Morehead City/Atlantic Beach – August 1, 2019
Matt, of Chasin’ Tails, reports that spanish mackerel are still being caught from the inlet to Cape Lookout. Trolling Clarkspoons on #1 planers has been boating the best numbers, but casting Spanish Candy and similar jigs is landing surface-feeding fish.
King mackerel fishing has been very good in the area. The larger fish have more often come from live bottom areas east of the Cape, but kings (up to 40 lbs.) are scattered all along the ARs. Dead bait rigs and Mac-A-Hoos with cigar minnows have been the most successful setups.
Flounder fishing at the ARs has been consistent for anglers jigging bucktails rigged with 4” Gulp shrimp.
Offshore anglers are reporting a good mix of yellowfin, blackfin, and wahoo. Dolphin are scattered everywhere from the Big Rock inside to the NW Places, and with the water so hot, keeping an eye out for the correct conditions has been more important than distance.
Bottom fishing has been producing grouper, black sea bass, triggerfish, and snapper while fishing cut baits around hard bottoms.
Inshore anglers have been hooking large sheepshead with live urchins and fiddler crabs around high rise bridges and barnacle-covered docks.
Speckled trout are being caught on live baits fished under slip corks. Focusing on deeper holes around docks and rocks has been very productive in getting bites. Some fish are holding on grass banks in the marsh, but as the sun gets hotter in the day, they push away and into deeper holes.
Redfish numbers have been hit or miss, more so due to scattered bait and smaller schools attributed with mid-summer conditions. The next few weeks should have some bait schooling up more, and then anglers will notice the drum doing the same.
Cody, of Freeman’s Bait and Tackle, reports that large gray trout (up to 5 lbs.) are being caught while jigging at the nearshore ARs.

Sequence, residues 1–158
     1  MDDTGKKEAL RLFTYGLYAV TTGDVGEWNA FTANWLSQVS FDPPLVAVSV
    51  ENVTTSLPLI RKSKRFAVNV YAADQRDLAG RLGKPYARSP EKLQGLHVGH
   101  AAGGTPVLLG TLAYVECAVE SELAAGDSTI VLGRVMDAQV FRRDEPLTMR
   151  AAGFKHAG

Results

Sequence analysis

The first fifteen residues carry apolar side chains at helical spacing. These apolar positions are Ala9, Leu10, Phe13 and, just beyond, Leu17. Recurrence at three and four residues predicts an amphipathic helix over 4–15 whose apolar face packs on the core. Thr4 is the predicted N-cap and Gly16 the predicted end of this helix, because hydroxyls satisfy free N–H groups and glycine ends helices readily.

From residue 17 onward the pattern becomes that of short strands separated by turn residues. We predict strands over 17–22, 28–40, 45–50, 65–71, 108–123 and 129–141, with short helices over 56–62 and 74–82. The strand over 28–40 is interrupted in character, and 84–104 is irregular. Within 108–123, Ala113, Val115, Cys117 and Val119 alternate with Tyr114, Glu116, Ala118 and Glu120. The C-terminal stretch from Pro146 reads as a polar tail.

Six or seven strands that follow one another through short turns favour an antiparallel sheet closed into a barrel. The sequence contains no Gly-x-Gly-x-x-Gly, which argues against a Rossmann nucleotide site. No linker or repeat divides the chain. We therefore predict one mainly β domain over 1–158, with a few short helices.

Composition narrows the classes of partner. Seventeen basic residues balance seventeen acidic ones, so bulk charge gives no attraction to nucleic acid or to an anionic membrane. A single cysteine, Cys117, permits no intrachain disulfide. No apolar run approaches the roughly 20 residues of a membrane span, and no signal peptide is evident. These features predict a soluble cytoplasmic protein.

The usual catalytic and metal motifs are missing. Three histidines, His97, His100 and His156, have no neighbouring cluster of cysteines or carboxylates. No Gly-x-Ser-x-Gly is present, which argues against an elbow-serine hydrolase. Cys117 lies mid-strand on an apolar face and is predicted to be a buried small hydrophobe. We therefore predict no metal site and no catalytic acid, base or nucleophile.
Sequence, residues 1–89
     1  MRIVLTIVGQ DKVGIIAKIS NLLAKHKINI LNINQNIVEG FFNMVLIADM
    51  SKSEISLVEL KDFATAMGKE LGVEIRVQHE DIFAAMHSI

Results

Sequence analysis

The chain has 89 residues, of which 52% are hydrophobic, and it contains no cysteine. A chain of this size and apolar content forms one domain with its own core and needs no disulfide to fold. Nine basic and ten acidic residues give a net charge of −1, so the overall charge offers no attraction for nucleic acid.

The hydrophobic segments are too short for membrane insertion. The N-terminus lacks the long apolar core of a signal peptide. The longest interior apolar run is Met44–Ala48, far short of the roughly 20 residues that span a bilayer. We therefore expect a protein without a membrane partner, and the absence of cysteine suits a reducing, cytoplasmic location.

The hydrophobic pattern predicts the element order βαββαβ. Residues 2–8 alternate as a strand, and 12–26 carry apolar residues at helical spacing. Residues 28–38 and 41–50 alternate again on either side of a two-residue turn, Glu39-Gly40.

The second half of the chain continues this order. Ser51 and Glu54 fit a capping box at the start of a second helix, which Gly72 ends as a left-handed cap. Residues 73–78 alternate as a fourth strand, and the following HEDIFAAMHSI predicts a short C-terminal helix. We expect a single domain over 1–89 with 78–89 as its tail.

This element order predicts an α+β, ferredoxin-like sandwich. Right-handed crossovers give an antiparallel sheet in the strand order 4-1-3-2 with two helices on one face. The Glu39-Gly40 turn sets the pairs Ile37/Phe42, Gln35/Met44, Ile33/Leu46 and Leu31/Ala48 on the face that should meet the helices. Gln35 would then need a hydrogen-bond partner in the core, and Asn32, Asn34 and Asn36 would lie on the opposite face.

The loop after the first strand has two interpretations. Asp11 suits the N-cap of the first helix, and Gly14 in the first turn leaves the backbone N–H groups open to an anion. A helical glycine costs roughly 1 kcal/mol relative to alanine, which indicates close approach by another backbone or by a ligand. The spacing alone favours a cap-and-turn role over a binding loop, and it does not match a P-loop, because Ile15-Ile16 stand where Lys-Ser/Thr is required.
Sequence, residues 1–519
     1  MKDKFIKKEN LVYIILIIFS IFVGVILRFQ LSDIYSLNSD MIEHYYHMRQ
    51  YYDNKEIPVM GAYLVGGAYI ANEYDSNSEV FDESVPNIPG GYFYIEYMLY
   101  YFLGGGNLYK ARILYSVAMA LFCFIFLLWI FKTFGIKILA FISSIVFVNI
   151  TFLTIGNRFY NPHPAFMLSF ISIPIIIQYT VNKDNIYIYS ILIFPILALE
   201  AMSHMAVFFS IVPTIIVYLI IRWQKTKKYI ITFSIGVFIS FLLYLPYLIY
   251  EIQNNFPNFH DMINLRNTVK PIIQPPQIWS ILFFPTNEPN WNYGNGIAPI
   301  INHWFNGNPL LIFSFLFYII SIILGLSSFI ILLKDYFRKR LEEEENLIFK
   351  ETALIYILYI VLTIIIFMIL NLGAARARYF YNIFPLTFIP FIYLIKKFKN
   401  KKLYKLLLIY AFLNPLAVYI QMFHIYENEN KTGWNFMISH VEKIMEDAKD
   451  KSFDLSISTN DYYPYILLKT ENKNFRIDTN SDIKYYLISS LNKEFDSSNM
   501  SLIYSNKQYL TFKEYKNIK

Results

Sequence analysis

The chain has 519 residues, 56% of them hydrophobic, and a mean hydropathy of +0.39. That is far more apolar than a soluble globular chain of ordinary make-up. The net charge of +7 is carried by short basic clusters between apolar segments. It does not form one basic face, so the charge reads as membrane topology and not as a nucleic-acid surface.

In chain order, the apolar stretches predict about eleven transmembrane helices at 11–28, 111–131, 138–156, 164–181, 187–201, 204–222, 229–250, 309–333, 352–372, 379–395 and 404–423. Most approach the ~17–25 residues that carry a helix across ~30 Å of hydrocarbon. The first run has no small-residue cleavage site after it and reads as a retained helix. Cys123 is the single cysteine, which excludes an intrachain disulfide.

Citation-sized flounder are around this same structure, and they’re hitting bucktails and Carolina-rigged live baits.
Free-lining and slow-trolling live baits has been producing some huge spanish mackerel (in the 6 lb. range).
Structure and live bottoms in the 80’ depths have been producing triggerfish, legal black sea bass, and vermilion snapper on cut baits.
The offshore bite has continued to focus on dolphin, as they seem most concentrated in the 25 mile range. Trolling along weed lines with skirted ballyhoo is proving to be successful in catching some of the larger fish.
Scattered blackfin tuna are mixed in for anglers pulling lines out past the temperature break.
Wahoo fishing has been a bit slow, but the fish caught have been good-sized (up to 40 lbs.).
Billfish are scattered out in deeper water, with the bite being inconsistent.
Chris, of Mount Maker Charters, reports that large spanish and kings are staged up at the ARs, and they’re hitting live baits.
Flounder are being caught by jigging bucktails with soft plastic trailers around structure.
Bottom fishing in the 60-80’ range has been producing keeper black sea bass, amberjacks, almaco jacks, grouper, and vermilion snapper.